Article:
Automated Perception in the Real World: The Problem of Scarce Data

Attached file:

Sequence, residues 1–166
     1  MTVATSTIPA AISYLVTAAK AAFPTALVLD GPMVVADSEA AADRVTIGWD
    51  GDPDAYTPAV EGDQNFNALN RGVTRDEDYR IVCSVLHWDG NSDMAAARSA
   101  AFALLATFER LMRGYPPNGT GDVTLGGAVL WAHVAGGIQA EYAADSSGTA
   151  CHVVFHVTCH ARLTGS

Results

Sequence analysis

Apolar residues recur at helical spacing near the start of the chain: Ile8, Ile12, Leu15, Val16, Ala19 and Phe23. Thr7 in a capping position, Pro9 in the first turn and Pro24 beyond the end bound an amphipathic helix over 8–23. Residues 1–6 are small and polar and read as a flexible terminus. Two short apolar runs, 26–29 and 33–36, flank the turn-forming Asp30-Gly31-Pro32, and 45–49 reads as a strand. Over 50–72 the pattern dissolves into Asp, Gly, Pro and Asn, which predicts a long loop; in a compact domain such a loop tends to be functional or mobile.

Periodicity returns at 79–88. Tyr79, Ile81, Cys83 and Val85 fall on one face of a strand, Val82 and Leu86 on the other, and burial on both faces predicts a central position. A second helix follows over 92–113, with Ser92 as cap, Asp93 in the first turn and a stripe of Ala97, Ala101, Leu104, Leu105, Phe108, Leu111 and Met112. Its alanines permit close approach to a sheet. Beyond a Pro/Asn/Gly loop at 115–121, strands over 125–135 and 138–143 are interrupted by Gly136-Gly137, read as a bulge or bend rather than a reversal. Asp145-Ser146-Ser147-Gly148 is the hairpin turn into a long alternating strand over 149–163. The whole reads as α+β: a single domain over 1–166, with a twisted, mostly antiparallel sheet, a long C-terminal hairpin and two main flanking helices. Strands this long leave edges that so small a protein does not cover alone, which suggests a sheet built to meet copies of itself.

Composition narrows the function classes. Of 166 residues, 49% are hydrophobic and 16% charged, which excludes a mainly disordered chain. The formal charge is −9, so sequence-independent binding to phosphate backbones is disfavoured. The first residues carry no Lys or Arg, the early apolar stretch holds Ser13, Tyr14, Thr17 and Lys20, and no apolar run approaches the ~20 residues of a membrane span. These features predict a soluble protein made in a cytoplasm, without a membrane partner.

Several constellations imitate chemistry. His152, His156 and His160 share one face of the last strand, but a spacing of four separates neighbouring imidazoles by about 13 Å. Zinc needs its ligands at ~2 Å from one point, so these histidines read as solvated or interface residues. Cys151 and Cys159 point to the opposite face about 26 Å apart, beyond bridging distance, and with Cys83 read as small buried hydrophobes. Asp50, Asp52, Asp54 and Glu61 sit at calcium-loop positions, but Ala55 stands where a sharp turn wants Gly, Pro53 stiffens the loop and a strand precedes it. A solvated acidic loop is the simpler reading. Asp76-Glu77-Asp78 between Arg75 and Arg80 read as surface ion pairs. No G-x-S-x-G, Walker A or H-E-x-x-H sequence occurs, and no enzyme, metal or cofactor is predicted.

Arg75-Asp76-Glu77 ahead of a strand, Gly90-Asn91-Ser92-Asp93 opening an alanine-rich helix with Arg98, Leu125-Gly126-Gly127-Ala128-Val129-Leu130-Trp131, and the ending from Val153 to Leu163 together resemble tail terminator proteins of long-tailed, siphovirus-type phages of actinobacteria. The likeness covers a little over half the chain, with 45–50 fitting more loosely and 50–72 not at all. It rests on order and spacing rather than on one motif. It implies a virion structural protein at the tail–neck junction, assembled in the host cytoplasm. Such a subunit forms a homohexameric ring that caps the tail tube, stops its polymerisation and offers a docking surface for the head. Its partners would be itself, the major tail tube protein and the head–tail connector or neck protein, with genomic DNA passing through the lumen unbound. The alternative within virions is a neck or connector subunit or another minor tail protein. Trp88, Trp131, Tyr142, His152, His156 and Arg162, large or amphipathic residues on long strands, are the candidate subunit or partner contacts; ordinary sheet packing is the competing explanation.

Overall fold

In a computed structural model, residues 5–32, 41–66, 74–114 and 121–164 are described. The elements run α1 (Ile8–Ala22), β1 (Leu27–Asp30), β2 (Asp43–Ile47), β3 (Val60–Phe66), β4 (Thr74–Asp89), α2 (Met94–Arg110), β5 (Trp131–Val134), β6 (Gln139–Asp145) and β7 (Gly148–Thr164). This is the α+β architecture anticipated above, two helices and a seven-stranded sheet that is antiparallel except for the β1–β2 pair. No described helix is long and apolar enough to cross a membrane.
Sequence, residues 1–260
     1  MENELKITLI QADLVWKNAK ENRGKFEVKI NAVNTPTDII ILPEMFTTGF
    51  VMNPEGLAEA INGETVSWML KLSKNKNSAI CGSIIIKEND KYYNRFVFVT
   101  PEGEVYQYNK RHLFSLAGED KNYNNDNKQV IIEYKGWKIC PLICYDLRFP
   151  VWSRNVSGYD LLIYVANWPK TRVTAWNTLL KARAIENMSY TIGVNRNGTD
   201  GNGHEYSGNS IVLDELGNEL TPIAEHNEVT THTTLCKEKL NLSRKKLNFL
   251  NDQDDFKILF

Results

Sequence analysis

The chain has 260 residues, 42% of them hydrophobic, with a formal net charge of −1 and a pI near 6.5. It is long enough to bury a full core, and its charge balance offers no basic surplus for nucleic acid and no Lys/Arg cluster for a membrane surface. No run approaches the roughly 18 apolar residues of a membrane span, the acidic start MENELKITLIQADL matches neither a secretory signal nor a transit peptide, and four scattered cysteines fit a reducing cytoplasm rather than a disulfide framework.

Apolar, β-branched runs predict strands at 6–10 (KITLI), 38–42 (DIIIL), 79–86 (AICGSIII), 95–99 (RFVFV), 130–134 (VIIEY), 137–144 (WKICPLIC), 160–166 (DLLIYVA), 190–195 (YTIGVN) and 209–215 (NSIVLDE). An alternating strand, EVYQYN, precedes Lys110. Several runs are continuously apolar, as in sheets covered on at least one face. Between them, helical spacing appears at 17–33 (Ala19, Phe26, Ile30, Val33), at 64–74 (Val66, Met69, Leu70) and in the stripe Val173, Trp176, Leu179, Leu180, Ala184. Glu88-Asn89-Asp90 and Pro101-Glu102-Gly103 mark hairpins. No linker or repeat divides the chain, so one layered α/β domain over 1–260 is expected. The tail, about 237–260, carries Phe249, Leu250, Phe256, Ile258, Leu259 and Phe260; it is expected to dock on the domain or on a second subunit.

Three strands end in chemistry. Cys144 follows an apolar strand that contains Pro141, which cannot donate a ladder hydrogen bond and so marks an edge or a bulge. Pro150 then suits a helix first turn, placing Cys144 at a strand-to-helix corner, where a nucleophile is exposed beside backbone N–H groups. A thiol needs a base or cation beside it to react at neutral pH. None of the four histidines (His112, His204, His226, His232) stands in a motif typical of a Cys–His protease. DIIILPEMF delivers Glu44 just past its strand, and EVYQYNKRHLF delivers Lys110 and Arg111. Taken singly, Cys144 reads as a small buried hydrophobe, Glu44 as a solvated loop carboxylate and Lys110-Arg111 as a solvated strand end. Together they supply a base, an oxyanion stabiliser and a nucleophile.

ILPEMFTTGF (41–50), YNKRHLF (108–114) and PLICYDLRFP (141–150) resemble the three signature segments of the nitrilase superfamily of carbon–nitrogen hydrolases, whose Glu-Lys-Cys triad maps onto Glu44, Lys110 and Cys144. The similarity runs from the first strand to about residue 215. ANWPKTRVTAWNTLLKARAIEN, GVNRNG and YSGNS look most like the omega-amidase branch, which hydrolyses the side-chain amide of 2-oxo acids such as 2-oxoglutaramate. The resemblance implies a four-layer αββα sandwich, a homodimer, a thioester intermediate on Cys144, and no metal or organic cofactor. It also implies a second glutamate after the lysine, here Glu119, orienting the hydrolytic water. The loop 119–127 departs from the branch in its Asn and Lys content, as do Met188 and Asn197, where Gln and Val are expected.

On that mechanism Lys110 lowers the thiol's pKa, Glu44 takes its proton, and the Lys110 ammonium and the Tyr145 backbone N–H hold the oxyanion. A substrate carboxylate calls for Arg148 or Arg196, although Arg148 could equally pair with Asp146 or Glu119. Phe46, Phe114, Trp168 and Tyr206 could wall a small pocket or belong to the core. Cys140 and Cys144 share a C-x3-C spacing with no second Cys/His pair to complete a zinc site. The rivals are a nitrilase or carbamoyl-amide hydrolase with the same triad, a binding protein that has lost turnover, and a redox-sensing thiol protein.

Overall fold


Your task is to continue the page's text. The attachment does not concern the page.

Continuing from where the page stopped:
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Machine perception is a key step toward artificial intelligence in domains such as self-driving cars, industrial automation, and robotics. Much progress has been made in the past decade, driven by machine learning, ever-increasing computational power, and the reliance on (seemingly) vast data sets. There are however critical issues in translating academic progress into the real world: available data sets may not match real-world environments well, and even if they are abundant and matching well, then interesting samples from a real-world perspective may be exceedingly rare and thus still be too sparsely represented to learn from directly. In this talk, I illustrate how we have approached this problem strategically as an example of industrial R&D from inception to product. I will also go in-depth on an approach to automatically infer previously unseen data by learning compositional visual concepts via mutual cycle consistency.